Do you like to sing? Some people are really great at singing while others are…well…not quite as great. Even if you're not a great singer, you might still enjoy belting out your favorite tunes at the top of your lungs.
Do you like to sing in the shower? We've all done it from time to time. Whether you have a radio in the bathroom or simply carry your favorite jingle in your head into the shower with you, we've all grabbed a shampoo bottle like a microphone and crooned a tune or two.
People who like to sing in the shower usually claim that they sound better in the shower. Could that be true? After all, when you go to see your favorite singer perform live, you don't show up in their bathroom. They also don't bring a shower stall out onto stage with them. So why would a shower make any difference in how you sound?
When you examine the science of sound, you learn that there's something about the shower that can make your voice sound more appealing. When you sing in a large open room, for example, your voice travels out and you only hear it as your throat produces it.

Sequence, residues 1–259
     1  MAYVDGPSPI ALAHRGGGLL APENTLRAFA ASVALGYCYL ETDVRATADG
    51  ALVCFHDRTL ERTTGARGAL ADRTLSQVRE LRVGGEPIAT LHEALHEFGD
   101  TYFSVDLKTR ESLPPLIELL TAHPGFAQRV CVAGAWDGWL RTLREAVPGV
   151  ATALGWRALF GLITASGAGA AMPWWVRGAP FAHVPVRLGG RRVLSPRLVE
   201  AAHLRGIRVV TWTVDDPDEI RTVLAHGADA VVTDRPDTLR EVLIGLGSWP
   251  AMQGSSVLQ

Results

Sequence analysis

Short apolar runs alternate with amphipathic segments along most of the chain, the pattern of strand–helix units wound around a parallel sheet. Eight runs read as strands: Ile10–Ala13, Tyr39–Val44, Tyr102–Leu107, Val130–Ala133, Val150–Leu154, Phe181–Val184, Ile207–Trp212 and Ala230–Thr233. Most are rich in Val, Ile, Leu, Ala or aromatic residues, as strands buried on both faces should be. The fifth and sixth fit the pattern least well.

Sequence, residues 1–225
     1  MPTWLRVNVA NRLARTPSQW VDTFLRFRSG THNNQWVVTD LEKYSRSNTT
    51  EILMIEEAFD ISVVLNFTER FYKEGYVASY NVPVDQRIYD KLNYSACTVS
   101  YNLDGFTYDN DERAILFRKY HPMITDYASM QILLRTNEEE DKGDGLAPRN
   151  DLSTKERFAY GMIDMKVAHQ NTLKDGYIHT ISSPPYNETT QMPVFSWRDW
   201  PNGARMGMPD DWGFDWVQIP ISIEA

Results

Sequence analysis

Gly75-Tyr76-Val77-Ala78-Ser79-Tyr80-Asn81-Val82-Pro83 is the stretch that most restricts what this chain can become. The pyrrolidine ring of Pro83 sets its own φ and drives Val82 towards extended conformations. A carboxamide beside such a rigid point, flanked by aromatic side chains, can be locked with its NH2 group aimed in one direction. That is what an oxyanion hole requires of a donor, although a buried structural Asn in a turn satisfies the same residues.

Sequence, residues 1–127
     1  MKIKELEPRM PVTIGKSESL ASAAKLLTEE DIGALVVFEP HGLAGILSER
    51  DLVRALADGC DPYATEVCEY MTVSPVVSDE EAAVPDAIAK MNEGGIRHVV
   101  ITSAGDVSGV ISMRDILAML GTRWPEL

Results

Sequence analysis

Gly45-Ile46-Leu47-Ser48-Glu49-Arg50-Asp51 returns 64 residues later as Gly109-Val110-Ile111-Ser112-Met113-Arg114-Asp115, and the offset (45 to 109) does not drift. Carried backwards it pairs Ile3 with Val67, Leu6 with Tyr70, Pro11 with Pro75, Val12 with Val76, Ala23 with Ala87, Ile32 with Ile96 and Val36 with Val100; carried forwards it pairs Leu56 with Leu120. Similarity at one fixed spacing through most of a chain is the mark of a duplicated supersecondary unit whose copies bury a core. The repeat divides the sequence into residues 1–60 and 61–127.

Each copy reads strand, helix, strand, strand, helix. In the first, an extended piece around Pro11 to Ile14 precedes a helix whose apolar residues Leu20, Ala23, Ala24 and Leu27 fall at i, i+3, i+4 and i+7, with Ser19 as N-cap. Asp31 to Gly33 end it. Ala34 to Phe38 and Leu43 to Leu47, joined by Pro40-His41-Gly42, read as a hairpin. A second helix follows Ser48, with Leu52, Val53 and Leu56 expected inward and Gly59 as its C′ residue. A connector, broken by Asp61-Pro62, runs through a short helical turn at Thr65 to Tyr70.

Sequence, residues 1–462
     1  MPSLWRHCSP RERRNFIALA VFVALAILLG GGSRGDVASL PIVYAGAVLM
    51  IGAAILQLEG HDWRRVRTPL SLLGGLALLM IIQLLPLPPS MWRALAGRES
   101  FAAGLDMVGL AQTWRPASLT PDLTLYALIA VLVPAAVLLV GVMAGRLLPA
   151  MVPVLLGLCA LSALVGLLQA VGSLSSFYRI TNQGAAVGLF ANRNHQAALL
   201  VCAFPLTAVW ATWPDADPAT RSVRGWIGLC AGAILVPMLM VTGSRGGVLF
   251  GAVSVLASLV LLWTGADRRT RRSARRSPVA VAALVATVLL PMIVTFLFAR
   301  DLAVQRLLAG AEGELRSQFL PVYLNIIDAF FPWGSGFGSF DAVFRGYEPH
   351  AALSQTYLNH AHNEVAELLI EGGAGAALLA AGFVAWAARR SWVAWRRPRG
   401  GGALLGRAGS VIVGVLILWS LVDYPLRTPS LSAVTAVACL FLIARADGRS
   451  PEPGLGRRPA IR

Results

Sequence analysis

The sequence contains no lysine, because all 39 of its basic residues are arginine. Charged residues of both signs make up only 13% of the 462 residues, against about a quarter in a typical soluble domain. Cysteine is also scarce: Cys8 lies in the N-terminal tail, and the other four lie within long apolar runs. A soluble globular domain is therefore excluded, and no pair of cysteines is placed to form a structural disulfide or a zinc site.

Inside a shower, however, your voice bounces back and forth off the walls and any hard objects. When you sing in the shower, you not only hear your voice as it is produced, but also in the form of echoes as it bounces off the walls. These multiple reflections — known as reverberation or reverb, for short — blur and prolong the sound of your voice, since some reflections make it back to your ears more quickly than others. This makes your voice sound richer and fuller.
Hard and smooth surfaces, like those typically found in showers, don't absorb much sound. Instead, they reflect it. All these reflections in a small space boost the overall sound intensity of your voice, which makes it seem more powerful than it usually is.
Reverberation of your voice has another key benefit. All those reflections of sound bouncing around help to even out variations in pitch. So if you don't hit every note precisely, your voice will sound better than it would in an open area. Karaoke machines sometimes add reverb to users' voices for this same reason!
Shower stalls that resemble small boxes can also function as a resonant cavity. This means that they naturally amplify certain frequencies of sound, known as the resonant frequencies. In the average-sized shower, the fundamental resonant frequency is about 100 hertz. This matches the natural bass tones of the human voice, making your voice sound deeper and fuller than normal.
So the next time you're impersonating your favorite pop singer and you can't quite hit the notes, hit the shower instead. Sing loud and proud as you get clean and enjoy acoustic benefits that only your shower can provide!